Voting Blocs:

The question of how Turkish minorities will vote is of crucial importance in the upcoming Turkish elections. Rival forces are trying to gain the vote of various religious, doctrinal, ethnic, and national groups within Turkey, including Alevi, Jewish, Greek, Armenian, Assyrian (including Syriac and Chaldean), Kurdish, and Arab minorities, among others. Various candidates and parties have tried to make their case to these minorities and to lay out the general features of their policies towards these groups. This is due to the immense strategic importance of minority voting blocs, especially Kurds and Alevis. These two groups comprise 17-20 percent of the total vote, which is likely to decisively tip the scales towards the candidates they choose to support. This is especially true since opinion polls conducted in recent days indicate that the two competing electoral alliances—the Nation Alliance and the People’s Alliance—will not be able to claim victory in the presidential elections without the support of minorities in general, and of Kurds and Alevis in particular.

Focusing on Minorities

The electoral alliances competing in the upcoming Turkish elections on 14 May 2023 have shown increasing interest in getting minorities to turn out to vote for them. However, this is not necessarily a new phenomenon in Turkish elections. Minority voting blocs have always been on candidates’ agendas, but this time their electoral clout appears to be more decisive. As a result, candidates have competed fiercely to gain minority votes and improve ties with these groups.

While the Table of Six was trying to expand relations with the Peoples’ Democratic Party (the Kurds’ political wing), the AKP-led People’s Alliance managed to gain the support of the Kurdish Free Cause Party, which was founded on 19 December 2012. This latter party’s popular base is located in southeastern Anatolia. Erdoğan is counting on the conservative Free Cause Party to help his alliance win Kurdish votes to balance out the Peoples’ Democratic Party, which has significant electoral clout.

These competing alliances have also tried to win the support of Alevi minorities. Table of Six candidate Kemal Kılıçdaroğlu broke one of the taboos of Turkish politics when he announced on 20 April that he was a member of the Alevi minority. Kılıçdaroğlu emphasized the importance of addressing discrimination against minorities in Turkey, including Alevis; some extremist Sunnis remain hostile to this minority group. Kılıçdaroğlu also promised to end discrimination and "sectarian conflicts" that had caused suffering in Turkey, a Muslim-majority country with a secular constitution.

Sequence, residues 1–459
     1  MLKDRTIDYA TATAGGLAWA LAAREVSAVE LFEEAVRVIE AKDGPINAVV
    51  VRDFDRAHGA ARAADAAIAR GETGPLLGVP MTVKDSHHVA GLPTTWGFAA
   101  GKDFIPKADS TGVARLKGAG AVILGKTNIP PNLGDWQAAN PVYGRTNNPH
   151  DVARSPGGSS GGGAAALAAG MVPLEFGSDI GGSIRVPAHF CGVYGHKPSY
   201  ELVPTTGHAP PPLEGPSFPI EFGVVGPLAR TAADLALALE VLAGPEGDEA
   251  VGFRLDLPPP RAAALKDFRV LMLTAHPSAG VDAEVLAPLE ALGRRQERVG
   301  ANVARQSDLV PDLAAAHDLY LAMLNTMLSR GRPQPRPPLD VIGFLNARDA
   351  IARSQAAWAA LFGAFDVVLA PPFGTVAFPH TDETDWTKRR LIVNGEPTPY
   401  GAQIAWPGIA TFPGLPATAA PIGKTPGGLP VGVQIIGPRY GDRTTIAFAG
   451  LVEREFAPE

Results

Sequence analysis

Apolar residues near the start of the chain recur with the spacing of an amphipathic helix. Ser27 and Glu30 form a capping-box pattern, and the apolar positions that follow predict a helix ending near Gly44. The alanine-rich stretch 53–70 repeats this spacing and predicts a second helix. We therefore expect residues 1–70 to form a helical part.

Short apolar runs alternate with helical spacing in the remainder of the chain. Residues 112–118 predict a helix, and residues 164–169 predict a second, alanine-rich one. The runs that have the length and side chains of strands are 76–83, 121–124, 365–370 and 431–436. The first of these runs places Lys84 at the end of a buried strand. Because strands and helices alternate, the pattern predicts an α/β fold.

In recent months, President Erdoğan promised to address the grievances of Alevi minorities in order to win over this voting bloc. Government officials visited what are known as cemevis, or Alevi places of worship, which was seen as an implicit recognition of the legitimacy of these spaces by Erdoğan’s government. On 7 October 2022, Erdoğan also issued a decision to establish a body within the Ministry of Culture and Tourism for Alevi and Bektashi culture and cemevis in order to manage the affairs of these houses of worship and provide services for them under the institutional oversight of the state.

Electoral Clout

There are many reasons for the increased clout of Turkish minorities in the upcoming elections, which will shape how these groups will vote. These factors include:

1. Broad Electoral Base: Turkish minorities have the capacity to change the course of Turkish national elections. Alevis constitute the second largest religious group in Turkey, after the Sunnis. It is estimated that approximately 10-15 percent of the country’s 84 million people are Alevi. Other estimates suggest that there are at least 4.5 million Alevi voters, who live in various areas of eastern and western Turkey.

Meanwhile, Kurds comprise around 20 percent of the population of Turkey. There are around 6 million Kurdish voters, or 18 percent of all voters in Turkey. This means that minority blocs will play a decisive role in the outcome of the upcoming elections. Kurdish minorities were key to the opposition alliance’s success in major municipalities in the local elections held in 2019, after these minorities quietly advocated for opposition candidates. This helped the latter gain the upper hand against the ruling party’s alliance. Given that the Turkish opposition hopes to repeat what happened in the local elections—and the ruling party’s fears that this could again come to pass—minorities will be front and center in the 14 May 2023 elections.